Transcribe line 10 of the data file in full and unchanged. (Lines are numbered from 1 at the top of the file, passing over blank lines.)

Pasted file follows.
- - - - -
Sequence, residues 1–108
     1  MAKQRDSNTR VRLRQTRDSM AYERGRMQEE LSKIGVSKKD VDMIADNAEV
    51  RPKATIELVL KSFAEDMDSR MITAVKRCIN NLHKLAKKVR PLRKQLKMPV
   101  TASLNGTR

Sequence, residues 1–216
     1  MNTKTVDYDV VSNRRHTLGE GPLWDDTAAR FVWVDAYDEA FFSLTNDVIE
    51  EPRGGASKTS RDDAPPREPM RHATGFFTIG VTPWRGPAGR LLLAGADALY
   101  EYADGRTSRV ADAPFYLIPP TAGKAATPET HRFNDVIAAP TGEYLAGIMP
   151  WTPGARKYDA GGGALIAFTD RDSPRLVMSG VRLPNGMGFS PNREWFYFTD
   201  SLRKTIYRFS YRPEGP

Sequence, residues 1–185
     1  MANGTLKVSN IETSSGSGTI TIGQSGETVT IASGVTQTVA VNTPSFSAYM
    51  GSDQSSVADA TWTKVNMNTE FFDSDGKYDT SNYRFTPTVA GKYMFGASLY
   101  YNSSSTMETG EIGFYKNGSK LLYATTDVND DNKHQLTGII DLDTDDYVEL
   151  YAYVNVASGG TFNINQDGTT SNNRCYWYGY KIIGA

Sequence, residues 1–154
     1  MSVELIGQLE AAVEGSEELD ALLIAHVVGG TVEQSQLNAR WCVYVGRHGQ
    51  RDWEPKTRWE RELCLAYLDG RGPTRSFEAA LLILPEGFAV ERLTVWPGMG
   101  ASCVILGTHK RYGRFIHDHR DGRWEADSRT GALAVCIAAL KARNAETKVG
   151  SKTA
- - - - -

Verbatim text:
   201  SLRKTIYRFS YRPEGP